Monday, March 12, 2012

Ki-Gor and the Paradise That Time Forgot


I ordered the second volume in Altus Press's Ki-Gor:The Complete Series books a couple of weeks back. Finally sat down to read one of the stories last night. In this one, everyone's favorite Tarzan Knock-off tries to help the members of a lost safari get out of the jungle, mostly because he's irritated at having the three civilized people in what he considers his part of the jungle. Unfortunately he chooses the quickest route but not the safest, and one of the none too jungle savvy safari members falls into an inescapable valley.
This being a Ki-Gor story, the valley is inhabited by an unknown tribe of bushmen who have lived there for centuries and who have never seen anyone from the outside world. And they have mass quantities of gold, which leads one of the safari members to try and steal it. He manages to escape the formerly inescapable valley, using the rope that Ki-gor used to follow him down. Problem is, the bushmen hold Ki-Gor and his companions responsible for the theft and the penalty for stealing is death.
This is a pretty straightforward jungle hero adventure, and not one of the wilder sort of adventures Ki-Gor would have later in his career. The lost safari is one of the standard fall back tropes for Tarzan, Sheena, Kaanga, Bomba, and others of the jungle hero clan. However the writing in this one is much improved over some of the earlier Ki-Gor tales which appeared in volume one. Since no one is really sure who wrote which Ki-Gor stories, this could be because it was a different writer by this point. There are some attempts at characterization and the story barrels along with plenty of action.
I've mentioned before that Ki-Gor managed to outlast all the other Tarzan imitators by a long shot and the reason for that is two-fold I think. First, Ki-Gor comes the closest to the original model of all the Tarzan clones. He almost IS Tarzan. Second, the stories are almost always entertaining. Fiction House, Ki-Gor's publisher, wasn't the best paying of the pulp markets, but the Ki-Gor series is surprisingly good. Ki-Gor actually made more prose appearances than Tarzan, starring in more than 50 short novels.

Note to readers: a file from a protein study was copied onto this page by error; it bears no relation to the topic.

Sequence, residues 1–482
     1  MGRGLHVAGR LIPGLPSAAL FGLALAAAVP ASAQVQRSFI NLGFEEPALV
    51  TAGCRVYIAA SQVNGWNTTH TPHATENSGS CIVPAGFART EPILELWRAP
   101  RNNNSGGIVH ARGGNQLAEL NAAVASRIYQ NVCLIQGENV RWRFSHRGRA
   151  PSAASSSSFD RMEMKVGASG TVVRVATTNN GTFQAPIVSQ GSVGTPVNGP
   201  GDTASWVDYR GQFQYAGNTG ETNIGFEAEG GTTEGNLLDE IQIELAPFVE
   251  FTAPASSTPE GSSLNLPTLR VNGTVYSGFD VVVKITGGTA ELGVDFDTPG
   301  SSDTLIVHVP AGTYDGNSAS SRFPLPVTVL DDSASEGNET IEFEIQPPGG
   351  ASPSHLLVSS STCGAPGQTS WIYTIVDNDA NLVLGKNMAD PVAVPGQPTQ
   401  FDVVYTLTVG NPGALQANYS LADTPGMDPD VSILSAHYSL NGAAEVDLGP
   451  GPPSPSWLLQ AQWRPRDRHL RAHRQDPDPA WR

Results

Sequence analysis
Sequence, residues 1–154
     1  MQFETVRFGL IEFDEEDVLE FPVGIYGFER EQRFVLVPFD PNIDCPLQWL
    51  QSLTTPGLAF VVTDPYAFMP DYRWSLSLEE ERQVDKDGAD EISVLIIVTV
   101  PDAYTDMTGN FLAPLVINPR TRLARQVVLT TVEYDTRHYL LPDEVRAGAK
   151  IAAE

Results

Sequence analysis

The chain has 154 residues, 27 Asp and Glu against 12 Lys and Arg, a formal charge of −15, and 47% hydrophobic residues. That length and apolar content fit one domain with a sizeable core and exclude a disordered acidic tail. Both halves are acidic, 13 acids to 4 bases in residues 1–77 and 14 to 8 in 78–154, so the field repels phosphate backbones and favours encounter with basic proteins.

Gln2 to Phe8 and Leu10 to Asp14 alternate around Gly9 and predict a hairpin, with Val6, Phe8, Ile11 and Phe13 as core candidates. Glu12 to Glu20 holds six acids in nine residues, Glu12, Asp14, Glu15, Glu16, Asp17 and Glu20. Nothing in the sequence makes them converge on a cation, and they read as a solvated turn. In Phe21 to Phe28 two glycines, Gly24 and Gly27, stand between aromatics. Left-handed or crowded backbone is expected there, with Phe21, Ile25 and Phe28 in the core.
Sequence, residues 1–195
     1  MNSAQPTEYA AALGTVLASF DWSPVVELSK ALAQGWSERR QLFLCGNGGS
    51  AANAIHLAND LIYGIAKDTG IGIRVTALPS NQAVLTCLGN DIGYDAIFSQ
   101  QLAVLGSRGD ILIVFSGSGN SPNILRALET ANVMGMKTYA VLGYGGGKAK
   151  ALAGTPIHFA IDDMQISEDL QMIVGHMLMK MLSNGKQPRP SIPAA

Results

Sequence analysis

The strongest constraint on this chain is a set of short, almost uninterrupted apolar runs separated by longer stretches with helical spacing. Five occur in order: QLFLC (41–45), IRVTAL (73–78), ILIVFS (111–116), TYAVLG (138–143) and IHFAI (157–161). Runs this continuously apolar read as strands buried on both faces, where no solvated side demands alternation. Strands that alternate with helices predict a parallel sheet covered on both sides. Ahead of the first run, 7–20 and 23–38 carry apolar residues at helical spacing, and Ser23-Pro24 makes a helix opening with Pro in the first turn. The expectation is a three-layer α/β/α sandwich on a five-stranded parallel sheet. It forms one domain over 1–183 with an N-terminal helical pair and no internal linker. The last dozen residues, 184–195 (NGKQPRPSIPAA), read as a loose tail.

The Altus Press book is a big, solid, trade paperback containing five Ki-Gor adventures. Some of the original pulp magazine illustrations are included as well. It could use an introduction, but I suppose the publishers felt that anyone seeking this book out would know who Ki-Gor was.
Anyway, I've found, much as the pulps readers of the 30s,40s, and 50s probably did, that when you've run out of Tarzan stories, Ki-Gor isn't a bad stand-in.

3 comments:

Anonymous said...

Hey Charles,

I'm a big fan of Ki-Gor. "Paradise" is one of the earliest that I thought decent, but there are 7 or 8 of them I thought truly outstanding -- in a jungle-man, politically incorrect kind of way. How many have you read? Tigress of T'Wanbi is the first one that really has some good pacing, and then half a year later came Blood Priestess of Vig'Na, which reads to me a lot like Robert E. Howard writing a Tarzan story.

They could be so hit or miss. There'd be two really good ones in a row, then a real dog. But as Chris Hocking says, the highs are so high that you keep slogging through the series, looking for more good ones.

My favorite probably remains The Silver Witch, the first I read, although there are many close seconds. I wish someone was simply doing a "best of" Ki-Gor, because I don't see any reason to read most of them over again. The good ones, though, are worth revisiting.

Best,
Howard Andrew Jones

Anonymous said...

....Hey Charles,

I just leafed through my master title list, and I will upgrade my "really good" list to between 15 and 18. Not bad, out of 59 issues. That's almost a third. Of course, that means that the other two-thirds are either slow, so painfully politically incorrect they can't be endured, just plain flat out terrible, and frequently all three.

best,
Howard

Charles R. Rutledge said...

Hey Howard. I've read about 20 of the Ki-Gor's so far, and I would definitely put the Silver Witch near the top of the heap. Fortunately, my introduction to the character was the High Adventure reprints, which start further along in the run than the Altus Press reprints. As you say, I have found some of the stories unreadable and some very good. I did read Tigress of T'Wanbi and I believe I have a copy of Blood Priestess. I'd certainly be interested in your list of which other ones you consider worthwhile.
I've also gotten a lot further in my reading of all your Harold Lamb volumes. I'll drop you and email soon and tell you what all I've read.